First instance

Mr Harlow succeeded in the county court. His Honour Judge Jan Luba QC refusing Network Homes’ application for an injunction for access held, inter alia, the following.

(a) Clause 2.2 was primarily concerned with repairs, including safety checks and that, whilst it did give the landlord the right to carry out improvement works, it did not contain a concurrent obligation on the tenant to permit such access. As “access” was expressly provided for elsewhere in the Tenancy Agreement, it was not appropriate for him to imply a right for the landlord to access the property to undertake improvements into clause 2.2: judgment at [14].

(b) Clause 3.19 did not give a right of access to the landlord for the purpose of carrying out improvements to the property: judgment at [15]-[16]. In concluding that the right of access was limited to “landlord’s notification of intention to inspect”; “in response to a landlord’s notification of intention to repair”; and, “to give access in response to the landlord’s request to “carry out essential maintenance””, he noted the “obvious mismatch” between clause 3.19 and clause 2.2, which permitted the landlord to enter for repair, maintenance or improvement works.

(c) A right of access should not be implied to give effect to clause 2.2 concerning the landlord’s reservation of the right to carry out improvement work: judgment at [20]-[21].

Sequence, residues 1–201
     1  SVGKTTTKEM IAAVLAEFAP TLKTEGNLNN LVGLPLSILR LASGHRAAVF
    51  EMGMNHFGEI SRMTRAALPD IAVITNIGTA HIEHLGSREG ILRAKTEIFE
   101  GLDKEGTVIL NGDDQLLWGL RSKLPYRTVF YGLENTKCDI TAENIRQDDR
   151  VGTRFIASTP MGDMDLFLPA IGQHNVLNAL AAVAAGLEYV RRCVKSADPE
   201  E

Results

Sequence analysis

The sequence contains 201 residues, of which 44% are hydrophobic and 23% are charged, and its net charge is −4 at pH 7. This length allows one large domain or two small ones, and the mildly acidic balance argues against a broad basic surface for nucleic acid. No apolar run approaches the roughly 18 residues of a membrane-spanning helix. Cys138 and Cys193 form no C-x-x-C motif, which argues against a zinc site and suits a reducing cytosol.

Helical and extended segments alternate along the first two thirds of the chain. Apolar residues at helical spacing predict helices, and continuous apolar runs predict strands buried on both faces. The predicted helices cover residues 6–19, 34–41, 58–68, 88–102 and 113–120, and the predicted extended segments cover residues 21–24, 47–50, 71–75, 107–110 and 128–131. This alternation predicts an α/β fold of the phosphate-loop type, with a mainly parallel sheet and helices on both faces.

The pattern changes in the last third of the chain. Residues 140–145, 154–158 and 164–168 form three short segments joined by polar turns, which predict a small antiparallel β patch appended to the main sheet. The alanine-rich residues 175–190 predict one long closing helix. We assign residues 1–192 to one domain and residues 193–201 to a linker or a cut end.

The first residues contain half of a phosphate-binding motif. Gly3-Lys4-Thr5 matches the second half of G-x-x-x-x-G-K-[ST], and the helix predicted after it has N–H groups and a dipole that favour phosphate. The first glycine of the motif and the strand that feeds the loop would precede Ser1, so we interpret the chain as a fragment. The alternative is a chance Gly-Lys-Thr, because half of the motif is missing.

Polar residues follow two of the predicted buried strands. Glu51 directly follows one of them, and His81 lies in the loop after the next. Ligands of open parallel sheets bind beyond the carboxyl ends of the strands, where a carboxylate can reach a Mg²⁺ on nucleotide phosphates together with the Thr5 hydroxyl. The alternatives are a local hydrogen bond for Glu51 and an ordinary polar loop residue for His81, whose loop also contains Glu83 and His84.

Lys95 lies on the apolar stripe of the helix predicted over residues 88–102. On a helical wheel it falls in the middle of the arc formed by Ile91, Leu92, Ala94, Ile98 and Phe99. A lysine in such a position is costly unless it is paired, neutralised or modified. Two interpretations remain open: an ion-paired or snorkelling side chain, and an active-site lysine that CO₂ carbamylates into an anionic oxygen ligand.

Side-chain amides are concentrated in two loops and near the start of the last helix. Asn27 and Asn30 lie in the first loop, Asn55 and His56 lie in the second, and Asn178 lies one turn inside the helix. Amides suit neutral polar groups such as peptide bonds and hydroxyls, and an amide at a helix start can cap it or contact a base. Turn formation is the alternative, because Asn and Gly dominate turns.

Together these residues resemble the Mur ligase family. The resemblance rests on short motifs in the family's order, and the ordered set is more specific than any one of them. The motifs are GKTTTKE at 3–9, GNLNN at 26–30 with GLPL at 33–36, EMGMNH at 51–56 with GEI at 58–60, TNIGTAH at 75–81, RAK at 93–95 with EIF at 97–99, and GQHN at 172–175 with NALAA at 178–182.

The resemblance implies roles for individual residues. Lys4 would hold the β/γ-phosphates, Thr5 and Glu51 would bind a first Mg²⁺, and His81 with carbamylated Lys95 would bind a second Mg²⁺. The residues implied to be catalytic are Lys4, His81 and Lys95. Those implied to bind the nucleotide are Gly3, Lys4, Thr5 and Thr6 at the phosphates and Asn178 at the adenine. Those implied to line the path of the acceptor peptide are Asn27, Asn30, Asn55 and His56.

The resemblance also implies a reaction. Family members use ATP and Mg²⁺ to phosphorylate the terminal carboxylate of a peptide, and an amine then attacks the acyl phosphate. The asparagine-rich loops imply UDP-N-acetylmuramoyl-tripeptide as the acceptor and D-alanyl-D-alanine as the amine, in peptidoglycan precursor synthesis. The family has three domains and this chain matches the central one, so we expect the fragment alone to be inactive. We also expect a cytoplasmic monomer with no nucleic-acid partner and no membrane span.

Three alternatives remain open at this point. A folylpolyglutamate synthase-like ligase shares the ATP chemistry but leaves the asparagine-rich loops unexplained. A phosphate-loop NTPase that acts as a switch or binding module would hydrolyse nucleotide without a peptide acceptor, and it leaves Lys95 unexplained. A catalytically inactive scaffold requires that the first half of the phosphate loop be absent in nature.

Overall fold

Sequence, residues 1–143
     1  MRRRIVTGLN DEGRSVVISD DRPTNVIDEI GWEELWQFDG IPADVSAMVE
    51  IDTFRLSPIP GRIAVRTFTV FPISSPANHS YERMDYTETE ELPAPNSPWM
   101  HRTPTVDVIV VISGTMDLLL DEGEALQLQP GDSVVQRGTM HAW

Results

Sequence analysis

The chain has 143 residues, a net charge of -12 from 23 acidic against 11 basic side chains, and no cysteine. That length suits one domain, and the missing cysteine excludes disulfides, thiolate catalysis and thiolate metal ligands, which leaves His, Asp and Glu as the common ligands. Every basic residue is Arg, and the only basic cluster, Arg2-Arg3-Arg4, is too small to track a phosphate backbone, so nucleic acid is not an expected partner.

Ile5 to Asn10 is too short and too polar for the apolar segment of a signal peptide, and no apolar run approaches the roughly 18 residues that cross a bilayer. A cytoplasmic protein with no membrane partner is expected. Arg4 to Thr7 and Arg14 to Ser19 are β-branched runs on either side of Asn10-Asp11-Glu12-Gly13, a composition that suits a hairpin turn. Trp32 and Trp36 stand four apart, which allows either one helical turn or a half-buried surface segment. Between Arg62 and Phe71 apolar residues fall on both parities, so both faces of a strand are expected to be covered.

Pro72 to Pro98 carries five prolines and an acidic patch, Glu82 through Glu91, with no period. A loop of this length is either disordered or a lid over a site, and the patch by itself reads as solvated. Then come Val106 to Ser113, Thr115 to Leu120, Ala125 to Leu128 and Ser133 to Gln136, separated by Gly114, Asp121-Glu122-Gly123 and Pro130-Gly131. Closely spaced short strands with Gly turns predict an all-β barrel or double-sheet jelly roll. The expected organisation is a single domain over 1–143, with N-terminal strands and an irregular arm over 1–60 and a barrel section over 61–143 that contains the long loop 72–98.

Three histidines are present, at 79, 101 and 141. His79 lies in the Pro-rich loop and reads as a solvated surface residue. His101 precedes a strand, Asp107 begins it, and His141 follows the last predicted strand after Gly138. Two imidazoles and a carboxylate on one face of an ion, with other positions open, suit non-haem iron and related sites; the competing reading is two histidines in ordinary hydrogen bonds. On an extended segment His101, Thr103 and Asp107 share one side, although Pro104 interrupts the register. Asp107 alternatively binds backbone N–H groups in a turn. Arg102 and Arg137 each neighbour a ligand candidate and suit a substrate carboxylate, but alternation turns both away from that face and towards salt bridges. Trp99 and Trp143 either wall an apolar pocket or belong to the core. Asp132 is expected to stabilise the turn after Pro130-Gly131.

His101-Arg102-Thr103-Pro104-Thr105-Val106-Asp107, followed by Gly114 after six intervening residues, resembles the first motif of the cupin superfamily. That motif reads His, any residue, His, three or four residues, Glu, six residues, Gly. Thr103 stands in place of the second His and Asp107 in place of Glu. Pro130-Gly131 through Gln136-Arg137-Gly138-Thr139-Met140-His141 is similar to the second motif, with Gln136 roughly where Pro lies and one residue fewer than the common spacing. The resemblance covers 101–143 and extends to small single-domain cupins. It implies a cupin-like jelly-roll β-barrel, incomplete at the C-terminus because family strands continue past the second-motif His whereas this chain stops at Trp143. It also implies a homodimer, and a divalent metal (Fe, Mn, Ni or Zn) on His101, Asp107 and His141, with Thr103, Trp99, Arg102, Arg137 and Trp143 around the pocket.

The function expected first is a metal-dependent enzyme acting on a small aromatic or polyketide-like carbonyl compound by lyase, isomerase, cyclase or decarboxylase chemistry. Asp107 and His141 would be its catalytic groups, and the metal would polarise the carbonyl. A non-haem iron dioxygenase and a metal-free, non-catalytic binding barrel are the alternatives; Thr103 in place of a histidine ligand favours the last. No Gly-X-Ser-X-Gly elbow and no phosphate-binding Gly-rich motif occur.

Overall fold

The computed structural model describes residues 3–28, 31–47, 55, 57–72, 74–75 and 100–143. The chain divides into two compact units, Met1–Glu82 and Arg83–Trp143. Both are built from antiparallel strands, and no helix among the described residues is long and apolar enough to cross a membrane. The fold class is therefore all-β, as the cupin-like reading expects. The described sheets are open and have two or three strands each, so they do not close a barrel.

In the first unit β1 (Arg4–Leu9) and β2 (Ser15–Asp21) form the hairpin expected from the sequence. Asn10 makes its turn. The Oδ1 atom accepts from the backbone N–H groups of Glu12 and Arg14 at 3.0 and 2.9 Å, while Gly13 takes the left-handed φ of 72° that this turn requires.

The Appeal

The appeal was allowed on ground one which was that “clause 3.19 ought to be construed as obliging tenants to grant access so that the landlord can improve (i.e. replace) the front door”: judgment at [22].

Mr Justice Harry Carr concluded that the tenancy agreement provided a right of access to Network Homes for the purpose of performing improvement works which would include replacing the front door of Mr Harlow’s flat: judgment at [38]. In so concluding, he stated (amongst other things) that:

  • it was necessary to bear in mind, when considering clause 3.19, that the tenancy agreement was poorly drafted; the court should be more willing to depart from the natural meaning of the words chosen than when considering a carefully drafted document;
  • the tenancy agreement should be construed as a whole to give it commercial coherence;
  • clause 3.19 must include a right of access for the purposes specified in the second sentence: pest eradication, improvement work and access to repossess the tenant’s home if it is to be
  • it was relevant that the tenancy was granted by a social housing landlord for one unit in a building with multiple occupancy. A reasonable person would expect the landlord to be able to ensure the safety of all residents of the building, and to be able to require access to individual units for that purpose: judgment at [28]-[38].


At the end of his judgment at [48]-[49], Mr Justice Harry Carr set out his “lessons for the future”. Without knowledge of whether the parties had considered mediation, the Judge stated that a case of this type would have been “eminently suitable for mediation”. He set out a hope that in similar cases mediation would be considered at “a very early stage of proceedings”. In airing his concerns, he noted that the case had been the subject of three hearings “at considerable cost” to Network Homes, a charity, as well as the costs for Mr Harlow in the county court who had been publicly funded.

The case is yet another reminder of the court’s stance on mediation and, although a case may not be right for mediation or mediation may fail, serves as a reminder to landlords and tenants that it might be worth trying in certain cases to save the costs of going to trial.